Saturday, April 21, 2018

Direction Unclear

I lack direction.

Well, in addition to that, I mean I lack a sense of direction. I have been known to make four right turns and be utterly mystified that I came back to where I was. So negotiating a new place takes practice.

In New York, this is how I leave a subway or a building: I walk outside and strain to see the next street sign over. If I’m at 15th Street, and I can see 16th, I know that way is uptown. I am oriented! If I’m looking for an avenue, that’s harder because they’re longer and you can’t see the next one. So you look for the next street, aim yourself uptown, and then you know the avenues on your right and left. Unless you’re at Broadway, which runs diagonally. Or the avenues which suddenly give up numbers and become Madison, Park, and Lexington. Or Lexington, Madison, then Park? I scramble them every single time.

Invariably, I end up walking the wrong way and asking a stranger which way is Fifth.

Ah, but on the subway, I know my connections! I see a map in my head. That’s ON the subway. IN the subway station is a whole other story. Getting out of a station or transferring to another subway line within a station is a true challenge. Yes, after a while, you get the routine movements down, but a new station is always a new puzzle.

I couldn’t get from the F train to the 6 train until I found a man at an elevator with a little sign on it that said “To 6 platform.” When I got to the platform, other people were arriving, but I have no idea how they got there. I’ve looked and looked, but as far as I know, the elevator is the only way. But that can’t be true.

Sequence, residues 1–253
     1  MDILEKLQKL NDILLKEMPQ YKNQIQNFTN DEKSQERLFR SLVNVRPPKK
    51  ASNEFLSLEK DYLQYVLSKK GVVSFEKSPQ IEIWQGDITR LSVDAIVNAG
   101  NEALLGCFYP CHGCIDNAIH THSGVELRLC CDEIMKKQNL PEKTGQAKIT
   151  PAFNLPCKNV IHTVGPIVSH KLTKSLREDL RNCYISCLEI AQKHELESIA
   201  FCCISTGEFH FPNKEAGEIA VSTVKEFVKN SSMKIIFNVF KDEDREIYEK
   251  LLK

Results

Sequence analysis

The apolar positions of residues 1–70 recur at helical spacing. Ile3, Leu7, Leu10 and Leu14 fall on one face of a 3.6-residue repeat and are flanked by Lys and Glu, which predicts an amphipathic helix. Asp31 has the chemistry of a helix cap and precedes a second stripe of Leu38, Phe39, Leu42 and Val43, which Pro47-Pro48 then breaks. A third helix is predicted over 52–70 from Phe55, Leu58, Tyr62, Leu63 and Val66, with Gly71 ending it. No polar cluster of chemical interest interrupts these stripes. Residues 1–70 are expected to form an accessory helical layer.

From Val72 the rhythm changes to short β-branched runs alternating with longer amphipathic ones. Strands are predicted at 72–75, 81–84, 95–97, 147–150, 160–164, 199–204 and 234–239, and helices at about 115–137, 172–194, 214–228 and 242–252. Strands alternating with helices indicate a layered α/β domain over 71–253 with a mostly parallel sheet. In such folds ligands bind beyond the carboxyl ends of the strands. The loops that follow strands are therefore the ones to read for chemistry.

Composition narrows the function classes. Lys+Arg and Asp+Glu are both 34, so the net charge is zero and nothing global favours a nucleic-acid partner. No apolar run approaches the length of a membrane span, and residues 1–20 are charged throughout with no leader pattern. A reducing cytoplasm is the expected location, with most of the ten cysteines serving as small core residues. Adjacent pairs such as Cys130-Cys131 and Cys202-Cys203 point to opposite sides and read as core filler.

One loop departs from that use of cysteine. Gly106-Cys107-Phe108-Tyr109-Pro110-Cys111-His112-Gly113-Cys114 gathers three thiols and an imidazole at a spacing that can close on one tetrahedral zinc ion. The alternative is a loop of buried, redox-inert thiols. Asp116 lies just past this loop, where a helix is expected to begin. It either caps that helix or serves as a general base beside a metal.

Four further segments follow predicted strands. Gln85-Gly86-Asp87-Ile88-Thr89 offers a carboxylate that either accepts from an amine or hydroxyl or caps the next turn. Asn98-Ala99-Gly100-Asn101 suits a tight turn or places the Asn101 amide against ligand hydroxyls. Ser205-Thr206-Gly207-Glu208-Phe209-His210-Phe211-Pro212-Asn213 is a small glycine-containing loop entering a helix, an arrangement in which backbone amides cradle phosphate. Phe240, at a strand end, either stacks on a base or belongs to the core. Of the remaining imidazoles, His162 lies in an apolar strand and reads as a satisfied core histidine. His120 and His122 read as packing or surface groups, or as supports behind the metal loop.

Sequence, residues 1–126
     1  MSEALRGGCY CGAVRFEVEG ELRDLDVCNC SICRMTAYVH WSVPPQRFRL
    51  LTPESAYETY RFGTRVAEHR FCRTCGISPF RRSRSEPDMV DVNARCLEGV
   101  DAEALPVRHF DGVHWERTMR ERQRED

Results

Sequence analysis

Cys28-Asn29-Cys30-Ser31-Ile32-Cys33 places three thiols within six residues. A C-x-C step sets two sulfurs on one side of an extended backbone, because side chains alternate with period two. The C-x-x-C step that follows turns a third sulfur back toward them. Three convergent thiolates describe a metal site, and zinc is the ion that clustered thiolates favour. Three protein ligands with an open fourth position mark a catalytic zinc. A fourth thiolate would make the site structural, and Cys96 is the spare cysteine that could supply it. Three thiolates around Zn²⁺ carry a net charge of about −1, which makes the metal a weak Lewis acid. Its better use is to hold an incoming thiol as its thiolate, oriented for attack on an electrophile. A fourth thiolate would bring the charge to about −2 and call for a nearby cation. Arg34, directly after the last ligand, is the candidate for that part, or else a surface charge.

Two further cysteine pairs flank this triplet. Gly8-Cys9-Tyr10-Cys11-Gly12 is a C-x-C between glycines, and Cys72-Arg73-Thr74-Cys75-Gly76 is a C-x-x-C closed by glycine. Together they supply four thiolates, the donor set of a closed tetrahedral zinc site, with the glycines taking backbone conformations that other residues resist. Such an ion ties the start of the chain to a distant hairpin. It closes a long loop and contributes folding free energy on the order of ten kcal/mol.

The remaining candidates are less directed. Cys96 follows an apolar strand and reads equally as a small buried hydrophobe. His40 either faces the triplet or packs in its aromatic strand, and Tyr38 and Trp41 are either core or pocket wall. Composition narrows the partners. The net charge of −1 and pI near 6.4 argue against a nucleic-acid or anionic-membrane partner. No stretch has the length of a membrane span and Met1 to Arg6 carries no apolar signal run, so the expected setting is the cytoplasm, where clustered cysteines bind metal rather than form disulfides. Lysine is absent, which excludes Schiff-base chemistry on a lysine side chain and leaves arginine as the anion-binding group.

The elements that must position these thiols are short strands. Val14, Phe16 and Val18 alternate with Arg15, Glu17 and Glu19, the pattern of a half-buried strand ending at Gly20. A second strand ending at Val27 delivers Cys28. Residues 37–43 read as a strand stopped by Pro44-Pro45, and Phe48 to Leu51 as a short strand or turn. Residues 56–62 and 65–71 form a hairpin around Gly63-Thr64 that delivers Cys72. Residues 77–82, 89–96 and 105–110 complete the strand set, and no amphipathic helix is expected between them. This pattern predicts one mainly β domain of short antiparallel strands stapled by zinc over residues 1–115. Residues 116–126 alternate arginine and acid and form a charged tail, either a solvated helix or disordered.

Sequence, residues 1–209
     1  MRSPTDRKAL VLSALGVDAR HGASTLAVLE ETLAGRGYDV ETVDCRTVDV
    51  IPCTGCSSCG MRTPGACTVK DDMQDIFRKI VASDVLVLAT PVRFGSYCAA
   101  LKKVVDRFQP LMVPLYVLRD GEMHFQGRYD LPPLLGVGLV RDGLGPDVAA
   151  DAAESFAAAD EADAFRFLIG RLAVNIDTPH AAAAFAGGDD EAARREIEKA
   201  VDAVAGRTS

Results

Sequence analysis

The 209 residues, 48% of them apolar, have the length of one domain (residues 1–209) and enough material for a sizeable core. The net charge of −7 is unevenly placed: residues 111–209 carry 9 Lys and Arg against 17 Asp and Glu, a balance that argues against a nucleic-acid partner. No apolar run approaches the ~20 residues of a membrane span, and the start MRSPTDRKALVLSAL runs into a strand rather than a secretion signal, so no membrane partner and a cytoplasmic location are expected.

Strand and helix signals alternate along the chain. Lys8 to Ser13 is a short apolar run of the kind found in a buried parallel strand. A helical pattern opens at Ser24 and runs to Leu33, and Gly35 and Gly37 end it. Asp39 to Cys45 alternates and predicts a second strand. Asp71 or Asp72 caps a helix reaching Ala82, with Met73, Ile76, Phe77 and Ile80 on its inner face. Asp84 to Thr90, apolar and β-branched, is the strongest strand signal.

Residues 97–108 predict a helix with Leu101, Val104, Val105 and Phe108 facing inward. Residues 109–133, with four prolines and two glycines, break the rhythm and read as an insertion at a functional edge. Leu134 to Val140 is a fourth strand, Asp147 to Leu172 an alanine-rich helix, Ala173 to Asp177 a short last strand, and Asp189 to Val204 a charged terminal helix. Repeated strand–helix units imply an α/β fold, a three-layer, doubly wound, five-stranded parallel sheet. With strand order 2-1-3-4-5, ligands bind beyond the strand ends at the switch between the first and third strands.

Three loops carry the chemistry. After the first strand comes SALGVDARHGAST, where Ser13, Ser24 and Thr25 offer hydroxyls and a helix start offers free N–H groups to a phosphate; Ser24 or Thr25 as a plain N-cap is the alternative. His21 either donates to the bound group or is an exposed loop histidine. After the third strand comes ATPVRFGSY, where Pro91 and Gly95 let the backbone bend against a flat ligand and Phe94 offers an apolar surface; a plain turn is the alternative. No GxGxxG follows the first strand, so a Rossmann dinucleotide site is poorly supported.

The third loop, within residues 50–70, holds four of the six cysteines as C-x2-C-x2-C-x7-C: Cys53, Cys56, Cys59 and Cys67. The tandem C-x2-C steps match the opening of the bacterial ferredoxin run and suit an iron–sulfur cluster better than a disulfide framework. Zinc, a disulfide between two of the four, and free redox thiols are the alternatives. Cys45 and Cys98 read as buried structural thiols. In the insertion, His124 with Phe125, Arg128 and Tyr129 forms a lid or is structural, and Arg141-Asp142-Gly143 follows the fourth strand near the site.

Some station arrows make it easy. Go up the stairs to the left or right.

But there are arrows that make it confusing. Does this mean you should turn around for the elevator? Or straight ahead and turn right? (Or jump up and down?)

Arrows combined with environmental cues (like stairs) are easier.

I think this one means “go around the big elevator box in the middle of the platform.” But that may explain why I could never find the 6 without the elevator.

Arrows without environmental cues are confusing. This next is the Big One, the source of much subway misdirection: Does this arrow mean up or straight ahead?
I have come across tourists looking for the stairs up where there are none. I have missed going up because I was aiming for straight ahead. The problem is the “up” and “straight ahead” arrows are identical. I propose a solution:

The longer ones mean “Go far ahead, into the distance.” They could even be grayed out as they stretch further ahead. What do you think? Will this work?

1 comment:

  1. Experienced this often in Japan's train stations and subway stations. We got lost in Kyoto Station and couldn't figure out where our exit was. Finally found an exit on the far side of the station and had to go back in and through the station again to get to our hotel.


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